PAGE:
“ASSESSMENT IS ONGOING AND TIGHTLY LINKED TO INSTRUCTION. Teachers are hunters and gatherers of information about their students and how those students are learning at a given point. Whatever the teachers can glean about student readiness, interest, and learning profiles helps the teachers plan next steps in instruction. Tomlinson 1995”
I searched online for an article she wrote regarding assessment, grading and “report cards” but couldn’t find it. I do have a hard copy that I would be glad to mail to you if you are interested. But the bottom line is, unless a district is ready to make changes to grade cards and progress reports, students grades will be sent home as they always have been.
MindyFebruary 6, 2007 - 5:02 pm -
I am familiar with Tomlinson. Do you have a title of the article? She and many other voices have swirled together in my mind to help me form my understandings about education.
Unfortunately, I have to agree with you. I won’t be able to do much about the time of mastery if it happens after grades have been cut off.
To work with the situation, I’ve tried something this year that seems to be going well.
I’m sending home, with each report card, another sheet of info. On this sheet, I list all of the standards we’ve been working on that quarter and highlight any that the student is still “squeaky” on. (We use the term squeaky in my room because a squeak can always be oiled. It doesn’t represent a permanent deficiency.) So the parents can very clearly see what their child is doing well and can see areas that need work.
There are two reasons I do this. One-I truly want the students and parents to know meaningful information about their education. An “A” or “B” on the report card doesn’t really say much. And it helps me to see it all laid out for each student.
And two-I want the parents to start saying, “Why don’t we get this type of information all the time?” I want them to start expecting it and to start to question the way things are done. I want them to see the value in knowing specifics about their child’s learning. I’ve found that when parents start demanding, school districts listen. If parents see the value and want this type of information, perhaps it might become reality.
I do know that my parent/teacher conferences this year have been WAY more meaningful and successful than any I’ve had in the past. And that was because I had meaningful things to say, rather than just something like, “He didn’t do well on the chapter test.” What does that mean anyway?
ps-Dan, I’m so glad I’ve stumbled onto your website. I’ve been craving this type of dialogue with other teachers. As I said I have a few teachers in my school who aren’t afraid (is that the right word) to explore the fact that we might not be doing things in the most meaningful way. But we don’t have as much time as I’d like to discuss these important issues.
Anyone know of a dialogue like this going on about reading instruction? I have some questions, observations, and disagreements there also!! Reading is the area I could really use some help.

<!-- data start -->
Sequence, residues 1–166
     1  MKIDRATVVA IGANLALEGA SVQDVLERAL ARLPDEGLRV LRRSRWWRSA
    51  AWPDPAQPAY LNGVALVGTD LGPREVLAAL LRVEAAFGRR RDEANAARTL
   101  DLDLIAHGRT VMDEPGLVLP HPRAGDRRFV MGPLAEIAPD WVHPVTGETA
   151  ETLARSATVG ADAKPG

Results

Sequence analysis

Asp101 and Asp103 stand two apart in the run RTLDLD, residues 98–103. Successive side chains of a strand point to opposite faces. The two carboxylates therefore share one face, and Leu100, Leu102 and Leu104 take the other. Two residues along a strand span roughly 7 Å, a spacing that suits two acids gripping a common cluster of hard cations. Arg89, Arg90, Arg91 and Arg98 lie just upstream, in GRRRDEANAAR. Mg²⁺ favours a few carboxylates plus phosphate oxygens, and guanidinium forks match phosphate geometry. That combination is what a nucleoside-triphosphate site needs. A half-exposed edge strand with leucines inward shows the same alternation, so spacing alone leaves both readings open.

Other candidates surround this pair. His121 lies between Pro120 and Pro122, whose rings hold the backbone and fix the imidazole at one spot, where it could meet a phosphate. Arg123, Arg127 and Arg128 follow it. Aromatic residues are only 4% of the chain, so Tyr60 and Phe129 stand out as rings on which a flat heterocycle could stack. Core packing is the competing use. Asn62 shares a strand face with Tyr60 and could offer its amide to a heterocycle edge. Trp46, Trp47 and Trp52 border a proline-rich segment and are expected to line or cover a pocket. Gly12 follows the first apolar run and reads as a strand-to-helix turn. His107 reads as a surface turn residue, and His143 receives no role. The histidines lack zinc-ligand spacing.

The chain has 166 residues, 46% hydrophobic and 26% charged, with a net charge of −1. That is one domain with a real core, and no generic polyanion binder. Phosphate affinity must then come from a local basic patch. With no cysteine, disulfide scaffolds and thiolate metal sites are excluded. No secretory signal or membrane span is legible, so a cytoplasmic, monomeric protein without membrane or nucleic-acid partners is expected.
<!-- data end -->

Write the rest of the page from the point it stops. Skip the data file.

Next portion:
danFebruary 6, 2007 - 5:03 pm -
Tough one, Mindy. So you guys give out quarter grades? Not just progress reports? The sort that go on a transcript? My school is pretty chill regarding Change of Grade forms. The decision doesn’t even flow through the district. I’m at a loss. That’s a set-back to what is otherwise a system that emphasizes the ongoing-ness of assessment.
Nancy BoschFebruary 6, 2007 - 6:14 pm -
Mindy, email me at email@example.com and I’ll send you the name of the Tomlinson article or the article itself. It sounds like you do a wonderful job in your classroom. After 21 years of teaching gifted students, I could not fo what you do day in and day out. Kudos to classroom teachers, N
NancyFebruary 7, 2007 - 5:38 am -
Mindy–here’s the abstract of the article found in Educational Leadership magazine March 2001:
Grading for Success-Carol Ann Tomlinson
Teachers who want to help all students succeed in their academically diverse classrooms often wonder how they can both teach to the needs of each student and grade each student. There is no quick fix, because grading grows from a philosophy of teaching and learning. Teachers should first consider the needs of each student and how they teach to meet the different learning needs of the students. Then, teachers need to grade for success in the same way that they teach and assess for success.
Some strategies for grading are to give differentiated tasks and grade students on how well they perform those tasks; to offer consistent, meaningful feedback that clarifies present successes and next learning steps; to look for growth patterns over time when assigning report-card grades; and to find ways to document individual growth and relative standing and explain them to parents and students.
You can buy if from the ASCD for $3.00, they don’t give anything away anymore!! Let me know if you want me to mail you a copy. http://www.ascd.org/portal/site/ascd/index.jsp/
michaelMay 9, 2007 - 10:28 am -
Reading your entry how math must assess reminded me of a program we have instituted at my school. It is called Accelerated Math. It is broken up into objectives instead of chapters you can get an example of how subjects are broken up at http://www.renlearn.com/mathrenaissance/ContentLibraries/
they also provide individual review cards for each objective so that a student can review an objective they did poorly on.